One of our community reporters has sent in a post to us describing a lovely walk along Lochside Gardens.
I took the Number 2 bus to the Gyle leaving it at the stop after Edinburgh Park Station.
It was a bright sunny afternoon in May, the young trees which line the landscaped alleys between the big office buildings wore fresh silken springtime leaves. It was lunchtime so the path was thronged with office workers jogging or just ambling to the local sandwich bar. I came to the tram stop and crossed to the top of Lochside Water Garden which extends for over half a mile along a frontage of office blocks as far as the Gyle Shopping Mall (most shoppers travelling there are unaware of this hidden oasis because you can’t see it from the bus). To the south open land gives a view of the Pentland Hills, on this day still wearing its winter coat of many colours – ochre, tan, moss green and the maroon of heather.
Lochside is a series of lagoons connected by waterfalls and the long ‘promenade’ on one bank features a display of sculpture portraits of Scottish writers including Hugh MacDiarmid and Sorley MacLean. The pillars bear panels giving a biography and a poem by each writer. Airliners flew low overhead, gaining height from take-off and bound for holiday destinations.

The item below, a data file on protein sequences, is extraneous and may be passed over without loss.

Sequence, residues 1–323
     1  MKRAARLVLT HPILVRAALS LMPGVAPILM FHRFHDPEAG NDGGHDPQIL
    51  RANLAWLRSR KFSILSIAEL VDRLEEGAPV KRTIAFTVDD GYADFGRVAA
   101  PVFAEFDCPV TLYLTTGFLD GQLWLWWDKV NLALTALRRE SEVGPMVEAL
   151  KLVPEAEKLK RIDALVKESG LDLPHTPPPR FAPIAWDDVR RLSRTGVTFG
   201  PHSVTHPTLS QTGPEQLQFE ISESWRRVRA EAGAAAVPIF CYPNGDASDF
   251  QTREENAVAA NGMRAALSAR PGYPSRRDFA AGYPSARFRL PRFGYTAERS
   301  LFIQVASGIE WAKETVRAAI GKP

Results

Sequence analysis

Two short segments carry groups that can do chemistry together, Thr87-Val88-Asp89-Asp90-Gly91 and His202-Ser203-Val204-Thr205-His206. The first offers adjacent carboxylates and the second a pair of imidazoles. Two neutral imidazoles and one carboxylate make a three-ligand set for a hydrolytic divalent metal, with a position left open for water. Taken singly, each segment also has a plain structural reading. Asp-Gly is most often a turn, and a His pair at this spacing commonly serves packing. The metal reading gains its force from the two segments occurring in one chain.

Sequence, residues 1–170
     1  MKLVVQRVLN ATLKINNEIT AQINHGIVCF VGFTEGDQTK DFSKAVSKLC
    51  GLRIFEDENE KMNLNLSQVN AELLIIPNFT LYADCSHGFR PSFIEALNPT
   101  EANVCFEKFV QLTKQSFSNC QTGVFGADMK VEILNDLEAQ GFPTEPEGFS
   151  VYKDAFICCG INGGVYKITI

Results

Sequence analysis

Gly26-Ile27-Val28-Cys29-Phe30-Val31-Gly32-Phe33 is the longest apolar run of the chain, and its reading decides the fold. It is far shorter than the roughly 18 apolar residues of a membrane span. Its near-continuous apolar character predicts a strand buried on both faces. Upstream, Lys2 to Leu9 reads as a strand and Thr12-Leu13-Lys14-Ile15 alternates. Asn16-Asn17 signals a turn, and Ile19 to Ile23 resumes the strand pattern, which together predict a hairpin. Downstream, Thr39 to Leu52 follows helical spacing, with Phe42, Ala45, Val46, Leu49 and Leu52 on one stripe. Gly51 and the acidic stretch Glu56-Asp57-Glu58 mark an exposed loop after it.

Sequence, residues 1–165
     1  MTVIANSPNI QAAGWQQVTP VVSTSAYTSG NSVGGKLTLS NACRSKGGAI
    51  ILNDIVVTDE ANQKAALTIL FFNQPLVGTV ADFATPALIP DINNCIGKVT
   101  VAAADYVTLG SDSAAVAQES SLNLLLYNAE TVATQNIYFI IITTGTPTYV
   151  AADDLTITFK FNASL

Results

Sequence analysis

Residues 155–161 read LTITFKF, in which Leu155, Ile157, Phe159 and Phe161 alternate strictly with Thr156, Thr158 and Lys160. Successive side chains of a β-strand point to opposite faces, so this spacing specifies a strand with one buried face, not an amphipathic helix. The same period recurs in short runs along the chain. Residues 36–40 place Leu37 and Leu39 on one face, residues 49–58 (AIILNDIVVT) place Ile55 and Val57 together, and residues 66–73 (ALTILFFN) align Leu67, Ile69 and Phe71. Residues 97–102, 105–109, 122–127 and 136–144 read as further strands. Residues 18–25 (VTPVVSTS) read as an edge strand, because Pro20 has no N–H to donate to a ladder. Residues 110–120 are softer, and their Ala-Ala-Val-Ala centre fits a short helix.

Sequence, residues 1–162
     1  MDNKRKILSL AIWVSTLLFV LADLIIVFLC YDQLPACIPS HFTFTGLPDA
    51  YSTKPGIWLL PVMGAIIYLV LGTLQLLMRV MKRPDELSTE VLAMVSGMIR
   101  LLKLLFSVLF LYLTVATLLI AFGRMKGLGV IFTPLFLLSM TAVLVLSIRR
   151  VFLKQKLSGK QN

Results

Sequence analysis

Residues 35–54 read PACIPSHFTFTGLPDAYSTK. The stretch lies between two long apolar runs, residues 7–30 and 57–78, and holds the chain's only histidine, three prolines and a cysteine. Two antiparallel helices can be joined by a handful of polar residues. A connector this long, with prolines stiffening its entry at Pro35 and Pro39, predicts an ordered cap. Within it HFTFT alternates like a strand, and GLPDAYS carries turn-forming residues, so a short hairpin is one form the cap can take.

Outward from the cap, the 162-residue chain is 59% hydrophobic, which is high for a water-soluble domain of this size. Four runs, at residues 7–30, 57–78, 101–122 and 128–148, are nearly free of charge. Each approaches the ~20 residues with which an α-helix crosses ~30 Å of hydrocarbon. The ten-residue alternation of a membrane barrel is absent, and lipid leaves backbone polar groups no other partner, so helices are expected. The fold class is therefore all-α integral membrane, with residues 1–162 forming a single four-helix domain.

Office workers chilled out in the sun, sitting on benches or strolling with colleagues – this is a multi-ethnic international community of people who work in harmony.
The wide ponds have reed beds on the far side which were still withered and brown – the bulrushes wore tattered feathery plumes. In summer the open water is covered with bright green water lilies – just now they are brown and shrunken. I saw moorhens, ducks and swans as well as two resident herons who were basking in the sun, half-hidden by the screen of reeds. They have a plentiful food supply for the ponds are filled with scooting shoals of minnows. Beyond the reeds is a ‘riverbed’ garden featuring boulders and pebbles with riverbank plants and trees including ghostly white-limbed birch trees. Notices request you not to feed the birds because bread is bad for them and I could see no-one flouting this request.
Now I could see the “maw” (as in a shark’s jaws) of the Gyle Mall across the way and left my short experience of nature and fresh air behind, knowing that I will return soon.
G.Hendry/ May 2017.
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